Tea and Cancer Prevention

Tea and Cancer Prevention: Green, Black, Oolong, or White, Powerful Medicine in a Cup

Tea, after water, is the most popular beverage in the world. Knowing recent research on tea and cancer prevention, this is really good news. All tea comes from the same plant, Camellia sinensis, and the varieties (white, green, oolong, and black) are the result of how the leaves are processed.

There are of course many other herbal teas or infusions of plants with a history of social or medicinal use, such as chamomile or ginger, but technically these also should not be called tea, reserving that very exclusive verbal property to the hot water extract of the leaves of the shrub Camellia sinensis. So whether white tea, Chinese green tea, black tea, or oolong tea, all tea is valuable for cancer prevention, but research has demonstrated some differences in benefits.

The leaves of green tea are processed less than black tea (which is oxidized and heated), so that green tea has exceptionally high levels of antioxidants, notably one called EGCG (epigallocatechin gallate; it is a type of flavonoid). White tea is processed even less than green tea. White tea is so named because at the time of harvest, the new tea leaves are still curled up and covered with a fine white hair. All white tea is hand harvested at that early stage of growth, and is therefore more expensive than other teas. The leaves are allowed to dry naturally and minimally heated to stop oxidation. The best white teas are loose leaf rather than in bags, and the tea has a slightly sweet and pleasant flavor, and not at all “grassy” like some green teas. But if you could see and identify the flood of molecules and the complex mix of natural compounds which pours out of those leaves into your cup as they steep in the hot water, that’s when you would get really excited about tea and cancer prevention.

Volumes of research have documented the health benefits of EGCG as found in green tea. Analysis has consistently shown that white tea also provides very high levels of EGCG, and I was able to find some research literature suggesting that white tea may have even higher cancer preventing ability in laboratory experiments than green tea. Laboratory studies on tea and cancer prevention have shown that EGCG slows the growth of breast cancer cells, even cells that have become resistant to some types of chemotherapy. The cancer inhibitory effects of tea have been well studied, and are certainly due to a synergistic effect of the multiple compounds from the leaf, more than just EGCG or any single antioxidant. This is why I am certain that your best health strategy with regard to tea is to drink it as a whole food, and not to rely on extracts found in pills.

But what about prevention? When it comes to tea and cancer prevention strategies, green or white tea is on par with the best dietary strategies we have discussed so far. There is very good laboratory evidence that green tea (ECGC) can inhibit the development of breast cancer by suppressing tumor-associated fatty acid synthase. Additionally, one very interesting study, (American Journal of Clinical Nutrition, 2007) looked at the effect of combined soy protein and tea as a cancer prevention strategy (specifically preventing breast and prostate cancer).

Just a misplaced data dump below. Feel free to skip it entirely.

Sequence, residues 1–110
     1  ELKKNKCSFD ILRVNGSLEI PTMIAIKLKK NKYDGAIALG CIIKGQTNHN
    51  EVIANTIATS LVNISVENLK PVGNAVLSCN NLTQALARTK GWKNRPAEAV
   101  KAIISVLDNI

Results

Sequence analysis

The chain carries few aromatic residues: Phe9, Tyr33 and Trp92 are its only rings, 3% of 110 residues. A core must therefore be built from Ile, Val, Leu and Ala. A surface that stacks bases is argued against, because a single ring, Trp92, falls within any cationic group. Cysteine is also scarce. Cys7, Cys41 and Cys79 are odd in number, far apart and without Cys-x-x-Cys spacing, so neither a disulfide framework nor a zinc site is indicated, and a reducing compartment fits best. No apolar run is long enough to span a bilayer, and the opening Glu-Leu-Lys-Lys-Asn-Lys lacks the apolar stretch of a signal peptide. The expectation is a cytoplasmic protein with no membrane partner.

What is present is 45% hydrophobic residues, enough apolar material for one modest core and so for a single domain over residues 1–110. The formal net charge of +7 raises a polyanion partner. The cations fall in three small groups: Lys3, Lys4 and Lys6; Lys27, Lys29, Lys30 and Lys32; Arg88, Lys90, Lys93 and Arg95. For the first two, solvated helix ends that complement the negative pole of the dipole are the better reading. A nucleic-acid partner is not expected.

Another point I need to make about tea before leaving this chapter has to do with the problems of convenience marketing of food products and the exploitation of health claims. Instant iced tea has virtually no catechin antioxidants, but you can be sure that the purveyors of that beverage would like to ride the coat-tails of media attention on tea and cancer prevention. If you want iced tea, brew up a pot of black or green tea, and add ice. It will still have significant antioxidant effect even though some of the antioxidant compounds adhere to the ice. And perhaps worse yet than instant tea is the new phenomenon of ready to drink tea in plastic bottles. The “green tea” which is now rivaling sodas and bottled water, being sold by the case in 16 or 20 ounce plastic bottles, is not something I would recommend. The second ingredient after water is high fructose corn syrup, which may completely negate the possible health benefits of the small amount of surviving green tea in that highly processed bottle. That spike in blood sugar will not only promote obesity, but is also promoting inflammation.In the meantime…

How to prepare a really good cup of tea

Take 1 tsp loose green tea leaves in the bottom of a glass measuring cup (Pyrex or other heat resistant), and pour 8 oz water over them that is very hot but not boiling. Use filtered water that tastes good; bad water makes bad tea. Avoid boiling water on green tea, since it “cooks” the leaves and destroys some of their delicate flavor. Let it steep for 2 minutes and not longer if you want to prevent some of the bitterness. Most of the health promoting antioxidants are already in the water after 2 minutes. You can then pour it through a strainer into your favorite tea-cup. Add to the health benefits of this experience by drinking it slowly, giving yourself some space for quiet breathing or peaceful music.

I hope this short introduction to tea and cancer prevention has convinced you to make this wonderful drink a daily habit. Perhaps we can have a cup together sometime!

to your health and wellness,


Robert Pendergrast, MD 

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